Christ, I mean, what even was that? If you thought episodes 1 and 3 were a bit hard to follow, episode 5 was a complete sugar-rush, trailer-cut, epilectic seizure of an episode – all bright lights, pointless callbacks and bonkers juxtapositions, amounting to precious little.

Survivors of the Flux mainly progressed three different threads, none of which had any connection to people who had survived the Flux. Yaz, Dan and Jericho are stranded in 1901; the Doctor has been turned into an angel and recalled to (The) Division; the Grand Serpent is taking over UNIT. I’ll go through this in more detail in a minute, but the first thread achieves next to nothing which couldn’t have been achieved by Dan remembering his Liverpool history in the very first scene; the second is more info-dump in place of drama and the third is redundant, repetitive and borderline nonsensical.

Let’s take the turn-of-the-century crew first. Stranding our three humans, with varying levels of experience with the Doctor, in Earth’s past with no recourse to the TARDIS, should have been fascinating. But this creative team has no interest in who these people are, how they might react to this situation, or how not just days or weeks but years of battling to stay alive might change them. After countless months risking life and limb side-by-side with Yaz, Jericho remarks that she seems very used to dealing with dead bodies as if this is the first such instance. Either the past few years have been very incident free, or somebody has let another first draft script go before the cameras.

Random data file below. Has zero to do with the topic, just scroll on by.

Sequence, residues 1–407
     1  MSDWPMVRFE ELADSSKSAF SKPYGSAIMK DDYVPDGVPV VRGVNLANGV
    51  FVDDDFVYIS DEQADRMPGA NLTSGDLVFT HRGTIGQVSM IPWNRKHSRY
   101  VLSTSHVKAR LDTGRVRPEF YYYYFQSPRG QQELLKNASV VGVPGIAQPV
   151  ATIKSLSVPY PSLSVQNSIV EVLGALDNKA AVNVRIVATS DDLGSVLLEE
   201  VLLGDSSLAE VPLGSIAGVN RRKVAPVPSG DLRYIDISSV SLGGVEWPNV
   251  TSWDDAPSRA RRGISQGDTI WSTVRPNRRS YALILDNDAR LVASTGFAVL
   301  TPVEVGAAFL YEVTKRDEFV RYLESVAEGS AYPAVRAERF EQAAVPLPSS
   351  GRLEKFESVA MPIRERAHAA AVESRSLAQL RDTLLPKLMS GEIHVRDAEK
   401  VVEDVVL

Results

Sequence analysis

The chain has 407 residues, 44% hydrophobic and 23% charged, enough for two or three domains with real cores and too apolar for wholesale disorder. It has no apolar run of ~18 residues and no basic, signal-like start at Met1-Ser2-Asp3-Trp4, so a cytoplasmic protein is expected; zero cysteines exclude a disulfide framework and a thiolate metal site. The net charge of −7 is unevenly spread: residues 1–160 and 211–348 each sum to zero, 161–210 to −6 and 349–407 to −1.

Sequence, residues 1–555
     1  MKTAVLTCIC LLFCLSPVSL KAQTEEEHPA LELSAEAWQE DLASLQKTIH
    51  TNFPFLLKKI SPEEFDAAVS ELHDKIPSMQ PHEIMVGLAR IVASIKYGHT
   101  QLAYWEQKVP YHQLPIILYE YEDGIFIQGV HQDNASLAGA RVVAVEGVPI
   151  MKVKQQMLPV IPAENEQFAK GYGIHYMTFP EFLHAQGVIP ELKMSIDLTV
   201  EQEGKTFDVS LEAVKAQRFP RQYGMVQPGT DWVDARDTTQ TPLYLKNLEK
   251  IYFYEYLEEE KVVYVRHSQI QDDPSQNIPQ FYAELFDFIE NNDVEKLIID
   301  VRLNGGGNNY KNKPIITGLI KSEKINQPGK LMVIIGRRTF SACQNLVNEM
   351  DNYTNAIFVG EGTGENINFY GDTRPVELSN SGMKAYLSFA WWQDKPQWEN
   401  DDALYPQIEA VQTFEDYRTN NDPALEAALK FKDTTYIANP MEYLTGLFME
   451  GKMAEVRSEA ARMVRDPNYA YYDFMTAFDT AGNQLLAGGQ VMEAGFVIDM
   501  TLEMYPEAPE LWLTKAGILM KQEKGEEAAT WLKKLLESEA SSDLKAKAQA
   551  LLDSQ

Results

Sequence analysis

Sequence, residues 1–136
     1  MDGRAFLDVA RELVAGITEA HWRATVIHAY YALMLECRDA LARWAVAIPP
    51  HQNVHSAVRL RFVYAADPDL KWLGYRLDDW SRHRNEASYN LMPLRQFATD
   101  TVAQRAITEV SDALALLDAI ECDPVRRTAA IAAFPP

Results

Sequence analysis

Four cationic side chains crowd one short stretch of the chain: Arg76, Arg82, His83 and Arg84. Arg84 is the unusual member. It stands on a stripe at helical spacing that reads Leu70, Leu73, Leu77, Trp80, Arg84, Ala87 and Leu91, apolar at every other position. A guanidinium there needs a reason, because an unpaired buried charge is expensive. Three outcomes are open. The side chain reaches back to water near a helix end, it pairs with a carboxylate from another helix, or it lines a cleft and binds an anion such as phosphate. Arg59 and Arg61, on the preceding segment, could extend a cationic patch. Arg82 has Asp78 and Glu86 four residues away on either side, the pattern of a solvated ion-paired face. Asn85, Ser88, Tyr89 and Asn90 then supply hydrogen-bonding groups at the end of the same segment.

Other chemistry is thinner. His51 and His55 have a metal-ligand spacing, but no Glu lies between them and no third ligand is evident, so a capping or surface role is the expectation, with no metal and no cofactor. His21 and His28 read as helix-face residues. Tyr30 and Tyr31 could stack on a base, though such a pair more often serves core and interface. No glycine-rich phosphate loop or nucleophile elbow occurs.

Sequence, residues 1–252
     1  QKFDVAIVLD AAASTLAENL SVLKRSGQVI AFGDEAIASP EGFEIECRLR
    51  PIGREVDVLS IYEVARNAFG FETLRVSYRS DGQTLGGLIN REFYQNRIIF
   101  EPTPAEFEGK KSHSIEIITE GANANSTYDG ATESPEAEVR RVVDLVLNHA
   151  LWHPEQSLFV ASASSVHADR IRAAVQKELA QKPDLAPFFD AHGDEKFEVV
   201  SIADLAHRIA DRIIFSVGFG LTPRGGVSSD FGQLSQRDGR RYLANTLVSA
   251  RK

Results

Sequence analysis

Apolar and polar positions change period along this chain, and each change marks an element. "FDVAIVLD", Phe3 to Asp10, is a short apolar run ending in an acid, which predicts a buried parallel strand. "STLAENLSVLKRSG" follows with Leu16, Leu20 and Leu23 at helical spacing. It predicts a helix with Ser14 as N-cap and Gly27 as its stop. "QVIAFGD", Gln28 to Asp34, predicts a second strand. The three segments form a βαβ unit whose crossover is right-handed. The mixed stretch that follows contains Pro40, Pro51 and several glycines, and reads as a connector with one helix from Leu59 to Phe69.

So, we get a lot of sub-Indiana Jones running about and falling over, none of which achieves very much. The Doctor has told them to look for where Earth is vulnerable, and coupled with all the UNIT stuff, I did fear we were going to get a needlessly complicated explanation as to why the Earth kept getting invaded year-after-year in the 1970s (or was it the 1980s?). It still isn’t clear to me why the Flux destroying/not destroying/damaging/affecting/being near lots of other planets in 2021 would mean that Earth would be likely to be serially invaded 120 years earlier. But also, as far as I could tell, it wasn’t. So that’s good.

Meanwhile, nothing that the Raiders of the Lost Story Arc gang does actually has any effect. Borrowing a page from River Song’s handbook, they graffiti the Great Wall of China. Karvanista, in 2021, looking at images from 1904, complains that he can’t help because he doesn’t have a time machine. Finally, Dan remembers that he’s from Liverpool and there are mysterious tunnels there. These scripts have gone the long way round to bring Dan and Joseph Williamson face-to-face but despite the enormous amounts of shoe leather involved, we still have Dan from 2021 and Williamson from 1820 meeting in 1904. Why? Who can say?

The Doctor shrugs off the cliffhanger like a mild cold and – oh dear – Barbara Flynn is Tecteun, who for reasons which defy logic claims that she found the Doctor, created the Time Lords, fiddled with the Universe to make it better, sent a memory-wiped Doctor out into it to fuck it up, and now has retrieved the Doctor before erasing the Universe. Anyway, she’s been dusted now, so if she had more exposition to dump, it dies with her.